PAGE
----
Date of Award
Doctor of Philosophy
John G. Orme
Cheryl Buehler, Terri Combs-Orme, David A. Patterson
This study tested the hypotheses that family conflict and family cohesion would be significant predictors of youths’ problem behaviors after controlling for demographic variables and other family process variables. The sample included 156 adolescents, teachers, and parents. Adolescents and parents completed three self-report family functioning instruments (FACES II, SFI, FES); all sources completed the CBCL. Adolescents’ reports supported both hypotheses. Results varied when mothers’ and fathers’ reports were used. Fathers’ reports showed only family conflict to be significant, and mothers’ reports showed only family cohesion to be significant. Teachers’ reports showed no significant results. Implications of these results are discussed.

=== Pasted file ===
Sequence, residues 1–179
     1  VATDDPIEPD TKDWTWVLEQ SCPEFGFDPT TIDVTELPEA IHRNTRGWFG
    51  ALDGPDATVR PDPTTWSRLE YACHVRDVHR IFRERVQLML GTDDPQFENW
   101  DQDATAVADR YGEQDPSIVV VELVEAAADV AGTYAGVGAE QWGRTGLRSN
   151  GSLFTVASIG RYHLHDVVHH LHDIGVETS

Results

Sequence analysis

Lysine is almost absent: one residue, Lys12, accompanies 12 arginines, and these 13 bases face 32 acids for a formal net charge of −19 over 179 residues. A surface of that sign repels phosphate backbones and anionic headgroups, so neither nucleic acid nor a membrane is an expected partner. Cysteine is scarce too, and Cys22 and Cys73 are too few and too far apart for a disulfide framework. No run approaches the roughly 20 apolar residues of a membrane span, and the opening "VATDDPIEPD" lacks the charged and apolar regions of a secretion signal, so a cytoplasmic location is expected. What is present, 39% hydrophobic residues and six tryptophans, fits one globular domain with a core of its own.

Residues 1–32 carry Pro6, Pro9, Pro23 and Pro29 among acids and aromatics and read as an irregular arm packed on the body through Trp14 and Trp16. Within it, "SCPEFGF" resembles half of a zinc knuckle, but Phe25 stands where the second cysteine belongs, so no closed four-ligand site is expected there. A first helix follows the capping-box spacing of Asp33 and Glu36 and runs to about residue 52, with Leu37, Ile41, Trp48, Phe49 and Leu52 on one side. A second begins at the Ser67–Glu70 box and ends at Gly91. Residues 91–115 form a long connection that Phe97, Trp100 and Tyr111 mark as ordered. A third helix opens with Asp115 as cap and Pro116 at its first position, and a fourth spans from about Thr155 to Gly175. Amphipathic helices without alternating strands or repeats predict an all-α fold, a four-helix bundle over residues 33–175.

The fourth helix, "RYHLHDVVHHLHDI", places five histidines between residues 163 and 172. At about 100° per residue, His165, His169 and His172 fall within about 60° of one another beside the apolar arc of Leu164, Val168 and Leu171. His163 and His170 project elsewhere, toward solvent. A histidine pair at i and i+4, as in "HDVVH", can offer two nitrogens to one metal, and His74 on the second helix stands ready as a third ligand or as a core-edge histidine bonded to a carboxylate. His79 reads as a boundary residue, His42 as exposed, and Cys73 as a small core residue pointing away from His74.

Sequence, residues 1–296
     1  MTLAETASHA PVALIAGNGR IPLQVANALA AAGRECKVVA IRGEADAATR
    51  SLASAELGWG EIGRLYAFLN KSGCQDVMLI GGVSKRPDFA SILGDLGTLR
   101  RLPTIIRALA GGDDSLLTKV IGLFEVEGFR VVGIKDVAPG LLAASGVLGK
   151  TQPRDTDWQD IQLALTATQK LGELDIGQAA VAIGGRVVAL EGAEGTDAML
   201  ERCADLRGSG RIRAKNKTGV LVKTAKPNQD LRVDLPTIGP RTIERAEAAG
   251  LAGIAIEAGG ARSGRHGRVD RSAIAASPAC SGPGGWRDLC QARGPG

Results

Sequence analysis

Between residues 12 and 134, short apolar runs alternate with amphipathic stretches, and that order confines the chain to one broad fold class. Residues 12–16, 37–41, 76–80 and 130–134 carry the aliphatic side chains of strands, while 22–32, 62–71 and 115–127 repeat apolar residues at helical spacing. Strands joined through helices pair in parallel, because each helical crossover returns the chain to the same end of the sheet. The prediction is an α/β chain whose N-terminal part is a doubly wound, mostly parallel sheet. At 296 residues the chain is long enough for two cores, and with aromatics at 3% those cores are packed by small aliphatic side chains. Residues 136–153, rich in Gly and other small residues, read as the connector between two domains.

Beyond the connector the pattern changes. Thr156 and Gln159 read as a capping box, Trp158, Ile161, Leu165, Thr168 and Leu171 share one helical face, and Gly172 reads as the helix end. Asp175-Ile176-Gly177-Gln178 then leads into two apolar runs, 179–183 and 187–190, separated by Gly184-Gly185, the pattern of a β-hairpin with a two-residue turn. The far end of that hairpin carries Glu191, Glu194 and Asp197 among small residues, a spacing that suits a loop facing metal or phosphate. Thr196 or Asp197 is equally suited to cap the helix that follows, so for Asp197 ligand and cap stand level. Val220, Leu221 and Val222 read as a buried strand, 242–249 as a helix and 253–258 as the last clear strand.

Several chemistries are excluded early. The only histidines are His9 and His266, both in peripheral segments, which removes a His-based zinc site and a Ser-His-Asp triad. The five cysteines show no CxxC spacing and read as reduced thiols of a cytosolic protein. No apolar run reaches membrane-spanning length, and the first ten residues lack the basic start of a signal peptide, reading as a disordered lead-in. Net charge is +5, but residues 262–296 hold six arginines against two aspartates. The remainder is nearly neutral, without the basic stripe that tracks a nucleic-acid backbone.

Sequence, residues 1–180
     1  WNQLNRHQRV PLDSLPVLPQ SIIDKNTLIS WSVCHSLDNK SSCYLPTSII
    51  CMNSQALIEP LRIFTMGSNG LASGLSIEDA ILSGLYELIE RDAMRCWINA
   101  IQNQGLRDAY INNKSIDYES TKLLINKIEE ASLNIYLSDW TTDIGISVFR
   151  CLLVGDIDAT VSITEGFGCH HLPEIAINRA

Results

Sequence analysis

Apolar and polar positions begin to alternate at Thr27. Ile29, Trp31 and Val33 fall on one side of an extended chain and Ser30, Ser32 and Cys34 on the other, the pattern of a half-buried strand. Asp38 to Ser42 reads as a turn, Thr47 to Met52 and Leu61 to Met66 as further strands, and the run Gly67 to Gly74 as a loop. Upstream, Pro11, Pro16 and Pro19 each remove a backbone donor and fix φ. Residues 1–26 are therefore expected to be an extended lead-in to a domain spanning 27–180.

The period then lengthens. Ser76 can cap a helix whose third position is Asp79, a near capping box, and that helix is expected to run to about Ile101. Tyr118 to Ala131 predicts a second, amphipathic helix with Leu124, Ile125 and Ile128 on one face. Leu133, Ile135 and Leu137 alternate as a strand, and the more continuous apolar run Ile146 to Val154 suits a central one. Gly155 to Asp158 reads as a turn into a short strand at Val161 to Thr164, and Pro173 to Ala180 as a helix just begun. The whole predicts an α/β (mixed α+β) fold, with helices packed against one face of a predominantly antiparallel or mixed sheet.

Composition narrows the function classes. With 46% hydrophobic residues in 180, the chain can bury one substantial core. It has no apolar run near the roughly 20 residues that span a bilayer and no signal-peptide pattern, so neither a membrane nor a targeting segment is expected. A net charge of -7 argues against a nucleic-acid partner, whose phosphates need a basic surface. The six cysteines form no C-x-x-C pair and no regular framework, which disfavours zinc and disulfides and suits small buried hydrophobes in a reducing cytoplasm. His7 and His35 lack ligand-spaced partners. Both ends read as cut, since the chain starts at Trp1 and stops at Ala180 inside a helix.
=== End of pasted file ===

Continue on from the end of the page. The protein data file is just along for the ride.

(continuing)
Sapp, Rebecca Launt, "Family Conflict and Family Cohesion: Their Relationship to Youths’ Behavior Problems. " PhD diss., University of Tennessee, 2003.